En su conjunto, la instalación hace referencia a dialécticas de linealidad, ruptura y yuxtaposición, de superficie plana y volumen, de adentro y afuera; señalando la potencialidad de los materiales para retener y desplegar información o dejar que ésta se filtre a través de los huecos en las superficies segmentadas. Damiani integra a la instalación resina y vidrio en las fracturas del travertino, destacando la notoria intrusión de elementos ajenos entre los sedimentos naturales, generando así pequeños vanos o paréntesis que exponen una serie de quiebres en la continuidad de la composición morfológica de la piedra. La artista expande las posibilidades del collage como un medio para la escultura y la instalación, presentando una tensión dialéctica entre el todo y sus partes, donde la composición de las obras dispuestas en el espacio señalan la naturaleza fragmentaria, propia del collage, a través de los segmentos y las capas que se acoplan presentándose como un nuevo todo.

October 9, 2015 Paula de Solminihac: Los nombres Secretos https://abstractioninaction.com/happenings/paula-de-solminihac-los-nombres-secretos/


Artist: Paula de Solminihac.

Ceramix, Art and ceramics from Rodin to Schütte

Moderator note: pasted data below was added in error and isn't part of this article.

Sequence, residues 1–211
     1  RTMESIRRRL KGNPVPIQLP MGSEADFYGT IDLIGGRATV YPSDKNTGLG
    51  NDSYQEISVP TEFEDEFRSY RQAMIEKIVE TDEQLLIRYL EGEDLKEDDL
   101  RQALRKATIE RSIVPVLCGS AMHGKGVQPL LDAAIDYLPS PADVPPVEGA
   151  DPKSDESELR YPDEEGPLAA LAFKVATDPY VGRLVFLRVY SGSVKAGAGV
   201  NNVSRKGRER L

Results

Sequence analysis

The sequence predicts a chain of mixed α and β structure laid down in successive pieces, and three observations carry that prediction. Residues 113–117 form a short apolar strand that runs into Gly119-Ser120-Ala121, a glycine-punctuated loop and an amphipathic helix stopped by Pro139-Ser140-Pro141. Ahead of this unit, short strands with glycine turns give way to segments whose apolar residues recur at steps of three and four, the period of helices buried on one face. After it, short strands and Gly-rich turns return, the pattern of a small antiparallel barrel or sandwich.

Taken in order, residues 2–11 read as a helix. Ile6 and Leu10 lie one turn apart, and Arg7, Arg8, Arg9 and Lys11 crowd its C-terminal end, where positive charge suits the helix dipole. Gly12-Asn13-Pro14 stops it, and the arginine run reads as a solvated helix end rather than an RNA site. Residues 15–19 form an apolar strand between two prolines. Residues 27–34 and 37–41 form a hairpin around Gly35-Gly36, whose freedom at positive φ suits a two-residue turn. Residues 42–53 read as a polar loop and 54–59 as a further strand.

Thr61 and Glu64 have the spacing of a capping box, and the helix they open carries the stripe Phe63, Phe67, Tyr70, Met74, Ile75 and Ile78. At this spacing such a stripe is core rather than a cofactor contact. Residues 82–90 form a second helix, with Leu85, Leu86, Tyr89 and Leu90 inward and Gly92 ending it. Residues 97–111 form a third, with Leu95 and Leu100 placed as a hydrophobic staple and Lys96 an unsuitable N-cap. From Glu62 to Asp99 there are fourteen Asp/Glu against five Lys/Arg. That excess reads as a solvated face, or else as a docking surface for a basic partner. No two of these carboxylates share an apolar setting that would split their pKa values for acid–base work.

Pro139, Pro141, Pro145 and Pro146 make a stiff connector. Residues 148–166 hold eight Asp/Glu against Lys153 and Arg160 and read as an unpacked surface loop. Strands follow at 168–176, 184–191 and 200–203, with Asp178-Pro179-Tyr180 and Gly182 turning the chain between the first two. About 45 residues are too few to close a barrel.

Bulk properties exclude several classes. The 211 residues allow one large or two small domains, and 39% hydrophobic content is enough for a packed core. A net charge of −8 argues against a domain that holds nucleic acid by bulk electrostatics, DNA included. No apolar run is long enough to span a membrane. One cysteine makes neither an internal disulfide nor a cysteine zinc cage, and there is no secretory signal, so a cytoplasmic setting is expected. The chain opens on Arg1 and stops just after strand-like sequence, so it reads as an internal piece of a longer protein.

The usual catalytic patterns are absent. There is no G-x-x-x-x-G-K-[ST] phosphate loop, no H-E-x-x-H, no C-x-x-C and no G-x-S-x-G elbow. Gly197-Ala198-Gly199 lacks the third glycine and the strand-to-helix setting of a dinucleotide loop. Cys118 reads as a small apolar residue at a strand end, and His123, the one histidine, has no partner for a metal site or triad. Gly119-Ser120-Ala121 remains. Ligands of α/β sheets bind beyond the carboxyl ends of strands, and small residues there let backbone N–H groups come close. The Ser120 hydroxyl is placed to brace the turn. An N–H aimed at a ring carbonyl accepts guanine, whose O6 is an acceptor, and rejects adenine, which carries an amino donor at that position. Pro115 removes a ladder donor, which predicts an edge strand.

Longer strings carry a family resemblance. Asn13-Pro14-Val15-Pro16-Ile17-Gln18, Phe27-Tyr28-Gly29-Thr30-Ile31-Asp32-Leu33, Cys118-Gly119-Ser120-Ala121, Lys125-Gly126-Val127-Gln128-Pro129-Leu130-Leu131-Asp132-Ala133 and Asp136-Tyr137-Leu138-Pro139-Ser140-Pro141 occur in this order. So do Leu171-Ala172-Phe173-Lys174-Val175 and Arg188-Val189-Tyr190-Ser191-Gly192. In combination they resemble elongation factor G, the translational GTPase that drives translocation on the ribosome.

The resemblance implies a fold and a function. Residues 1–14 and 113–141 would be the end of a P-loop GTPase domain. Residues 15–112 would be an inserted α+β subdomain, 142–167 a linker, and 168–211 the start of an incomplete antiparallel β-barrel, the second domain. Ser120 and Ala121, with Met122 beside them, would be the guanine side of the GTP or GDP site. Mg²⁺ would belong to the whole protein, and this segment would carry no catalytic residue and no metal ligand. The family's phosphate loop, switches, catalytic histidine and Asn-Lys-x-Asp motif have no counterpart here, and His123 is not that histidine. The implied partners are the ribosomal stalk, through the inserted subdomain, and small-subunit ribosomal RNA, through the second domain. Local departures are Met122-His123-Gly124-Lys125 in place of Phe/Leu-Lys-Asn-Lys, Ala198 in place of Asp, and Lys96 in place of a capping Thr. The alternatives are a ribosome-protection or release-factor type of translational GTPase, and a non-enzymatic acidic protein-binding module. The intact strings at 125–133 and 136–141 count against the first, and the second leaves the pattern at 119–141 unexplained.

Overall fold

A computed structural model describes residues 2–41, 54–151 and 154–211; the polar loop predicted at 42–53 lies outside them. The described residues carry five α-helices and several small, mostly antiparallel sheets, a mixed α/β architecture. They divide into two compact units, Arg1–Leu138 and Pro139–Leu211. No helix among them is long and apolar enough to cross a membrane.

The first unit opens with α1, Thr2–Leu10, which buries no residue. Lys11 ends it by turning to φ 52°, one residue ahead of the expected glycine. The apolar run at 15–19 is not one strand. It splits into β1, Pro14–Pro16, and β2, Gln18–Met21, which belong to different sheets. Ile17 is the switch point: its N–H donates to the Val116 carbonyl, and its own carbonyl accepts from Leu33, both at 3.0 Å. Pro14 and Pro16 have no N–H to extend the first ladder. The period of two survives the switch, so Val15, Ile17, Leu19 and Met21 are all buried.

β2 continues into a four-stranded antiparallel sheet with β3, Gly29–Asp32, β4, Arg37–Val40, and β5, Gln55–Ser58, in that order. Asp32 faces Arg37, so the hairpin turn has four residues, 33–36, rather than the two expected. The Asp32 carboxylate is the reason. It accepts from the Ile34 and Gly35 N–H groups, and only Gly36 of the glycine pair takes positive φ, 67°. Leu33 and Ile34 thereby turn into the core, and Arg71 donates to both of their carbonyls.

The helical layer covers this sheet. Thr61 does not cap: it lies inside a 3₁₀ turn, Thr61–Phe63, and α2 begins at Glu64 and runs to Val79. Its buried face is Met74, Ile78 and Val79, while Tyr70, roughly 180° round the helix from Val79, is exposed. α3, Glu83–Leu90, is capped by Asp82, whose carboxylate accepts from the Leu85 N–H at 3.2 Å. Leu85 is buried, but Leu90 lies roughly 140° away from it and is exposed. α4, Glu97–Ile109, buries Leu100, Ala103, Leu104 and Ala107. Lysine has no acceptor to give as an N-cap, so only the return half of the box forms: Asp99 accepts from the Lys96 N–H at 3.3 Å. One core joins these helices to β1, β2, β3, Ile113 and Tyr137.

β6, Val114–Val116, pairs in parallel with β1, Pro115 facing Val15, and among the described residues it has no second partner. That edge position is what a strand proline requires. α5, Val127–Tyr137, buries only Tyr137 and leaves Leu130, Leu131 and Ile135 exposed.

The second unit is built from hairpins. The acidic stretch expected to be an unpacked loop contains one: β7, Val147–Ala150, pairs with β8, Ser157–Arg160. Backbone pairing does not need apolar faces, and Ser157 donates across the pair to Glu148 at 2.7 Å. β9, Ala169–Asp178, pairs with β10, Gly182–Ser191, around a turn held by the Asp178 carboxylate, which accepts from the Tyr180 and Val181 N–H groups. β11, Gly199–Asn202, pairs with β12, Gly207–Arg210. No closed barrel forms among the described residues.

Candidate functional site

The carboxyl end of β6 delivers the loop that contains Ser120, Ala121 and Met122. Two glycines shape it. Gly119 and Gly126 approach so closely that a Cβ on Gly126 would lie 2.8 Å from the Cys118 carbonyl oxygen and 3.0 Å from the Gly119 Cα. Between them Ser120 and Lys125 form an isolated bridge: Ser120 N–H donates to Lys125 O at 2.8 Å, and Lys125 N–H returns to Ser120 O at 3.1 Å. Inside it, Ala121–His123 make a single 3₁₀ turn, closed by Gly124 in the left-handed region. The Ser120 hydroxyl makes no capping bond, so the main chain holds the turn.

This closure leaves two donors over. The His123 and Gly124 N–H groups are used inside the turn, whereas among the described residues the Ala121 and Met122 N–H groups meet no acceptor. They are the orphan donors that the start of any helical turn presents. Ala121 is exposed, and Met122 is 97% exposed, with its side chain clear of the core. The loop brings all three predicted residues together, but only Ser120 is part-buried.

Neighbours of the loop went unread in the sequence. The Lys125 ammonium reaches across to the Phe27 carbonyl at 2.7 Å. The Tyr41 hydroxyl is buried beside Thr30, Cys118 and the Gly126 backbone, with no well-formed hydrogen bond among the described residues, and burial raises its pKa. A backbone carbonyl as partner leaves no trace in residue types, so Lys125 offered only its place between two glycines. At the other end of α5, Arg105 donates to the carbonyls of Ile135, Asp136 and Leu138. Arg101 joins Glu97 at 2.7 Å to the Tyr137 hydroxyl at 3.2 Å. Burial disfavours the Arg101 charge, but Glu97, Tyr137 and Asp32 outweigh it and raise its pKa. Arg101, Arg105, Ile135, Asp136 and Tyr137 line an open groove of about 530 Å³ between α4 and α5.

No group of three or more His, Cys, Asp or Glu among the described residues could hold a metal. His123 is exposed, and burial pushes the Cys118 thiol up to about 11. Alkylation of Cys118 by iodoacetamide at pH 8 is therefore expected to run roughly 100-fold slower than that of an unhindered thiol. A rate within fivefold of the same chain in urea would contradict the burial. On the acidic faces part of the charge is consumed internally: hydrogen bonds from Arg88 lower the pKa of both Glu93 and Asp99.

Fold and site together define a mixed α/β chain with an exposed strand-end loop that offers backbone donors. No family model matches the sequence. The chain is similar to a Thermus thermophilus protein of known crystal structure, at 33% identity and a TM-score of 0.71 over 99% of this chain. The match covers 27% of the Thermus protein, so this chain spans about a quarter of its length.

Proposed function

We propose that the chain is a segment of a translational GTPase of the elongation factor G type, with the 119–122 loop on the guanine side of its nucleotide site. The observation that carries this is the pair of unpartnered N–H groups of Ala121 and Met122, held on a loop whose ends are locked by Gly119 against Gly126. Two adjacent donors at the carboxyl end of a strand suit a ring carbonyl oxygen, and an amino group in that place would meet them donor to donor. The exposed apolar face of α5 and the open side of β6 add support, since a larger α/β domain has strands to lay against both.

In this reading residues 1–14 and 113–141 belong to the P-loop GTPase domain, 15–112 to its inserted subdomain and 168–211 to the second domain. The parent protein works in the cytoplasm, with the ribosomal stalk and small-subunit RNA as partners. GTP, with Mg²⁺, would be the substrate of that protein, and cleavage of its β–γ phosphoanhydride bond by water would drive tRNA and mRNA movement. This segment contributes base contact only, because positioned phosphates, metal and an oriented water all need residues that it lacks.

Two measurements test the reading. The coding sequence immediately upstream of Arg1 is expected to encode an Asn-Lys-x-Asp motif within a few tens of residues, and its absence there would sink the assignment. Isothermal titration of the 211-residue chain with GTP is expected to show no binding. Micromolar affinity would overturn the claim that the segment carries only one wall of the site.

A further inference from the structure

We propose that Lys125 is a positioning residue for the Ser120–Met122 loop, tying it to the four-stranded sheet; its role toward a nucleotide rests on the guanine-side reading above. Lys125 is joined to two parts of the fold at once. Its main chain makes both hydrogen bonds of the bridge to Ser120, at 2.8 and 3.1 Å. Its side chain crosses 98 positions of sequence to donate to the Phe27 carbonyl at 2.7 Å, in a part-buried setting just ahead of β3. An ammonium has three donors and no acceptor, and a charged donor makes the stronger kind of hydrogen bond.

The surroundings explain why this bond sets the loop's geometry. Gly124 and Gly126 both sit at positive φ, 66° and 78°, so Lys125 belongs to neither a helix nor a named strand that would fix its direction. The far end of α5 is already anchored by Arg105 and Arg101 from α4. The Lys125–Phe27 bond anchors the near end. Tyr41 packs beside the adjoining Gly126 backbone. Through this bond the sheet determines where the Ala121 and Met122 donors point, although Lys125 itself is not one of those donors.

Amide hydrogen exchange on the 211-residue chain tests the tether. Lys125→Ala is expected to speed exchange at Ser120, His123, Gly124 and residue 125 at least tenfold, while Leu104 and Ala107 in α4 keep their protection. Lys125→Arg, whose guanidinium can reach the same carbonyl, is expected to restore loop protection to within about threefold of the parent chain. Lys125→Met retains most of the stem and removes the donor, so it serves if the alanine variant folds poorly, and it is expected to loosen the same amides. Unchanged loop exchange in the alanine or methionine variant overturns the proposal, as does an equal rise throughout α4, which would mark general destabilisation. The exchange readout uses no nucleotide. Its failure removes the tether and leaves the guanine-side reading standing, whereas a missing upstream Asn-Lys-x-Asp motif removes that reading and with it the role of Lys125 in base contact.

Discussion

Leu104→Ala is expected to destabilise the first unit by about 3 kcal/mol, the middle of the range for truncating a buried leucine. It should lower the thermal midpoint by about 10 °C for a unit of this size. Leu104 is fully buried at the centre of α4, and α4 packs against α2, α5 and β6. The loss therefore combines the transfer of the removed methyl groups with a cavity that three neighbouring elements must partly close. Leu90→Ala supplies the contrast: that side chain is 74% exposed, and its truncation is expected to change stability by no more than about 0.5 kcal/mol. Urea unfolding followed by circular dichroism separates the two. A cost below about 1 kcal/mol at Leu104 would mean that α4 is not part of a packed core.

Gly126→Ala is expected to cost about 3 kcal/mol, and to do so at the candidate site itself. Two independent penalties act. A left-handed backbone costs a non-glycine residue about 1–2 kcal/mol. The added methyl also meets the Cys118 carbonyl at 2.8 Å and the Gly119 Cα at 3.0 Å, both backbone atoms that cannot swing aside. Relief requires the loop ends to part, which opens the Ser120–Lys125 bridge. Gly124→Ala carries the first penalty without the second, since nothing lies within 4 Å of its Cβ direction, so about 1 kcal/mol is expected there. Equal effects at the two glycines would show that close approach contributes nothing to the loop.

Curated by Camille Morineau and Lucia Pesapane
October 16, 2015 – January 31, 2016
Masstricht, The Netherlands

October 21-25, 2015
Paris, France

Les Noms Secrets (Hidden Names)
October 10 – November 7, 2015
Galerie DIX9
Paris, France

El reciente proyecto de Paula de Solminihac, Los Nombres Secretos, recupera residuos de materiales del trabajo de taller y recortes de sus cuadernos de trabajo, para producir obras que evocan vestigios arqueológicos y transforman los detritus de la experiencia artística en obras sometidas a la lógica de las operaciones alquímicas.

Restos de arcilla seca y hojas de los cuadernos que la artista usa a diario como laboratorio creativo, fueron combinados utilizando un método que intenta restituir los materiales a su condición inicial, la humedad de la arcilla y el vacío de la página en blanco. En concreto, mientras las arcillas fueron envueltas en trapos viejos y enterradas en arena y agua para devolverles la humedad, en las hojas de los cuadernos se orillaron a lápiz los espacios libres de anotaciones y dibujos, a fin de perfilar los vacíos y así poner de manifiesto las formas residuales del trabajo de exploración visual consignado en los cuadernos.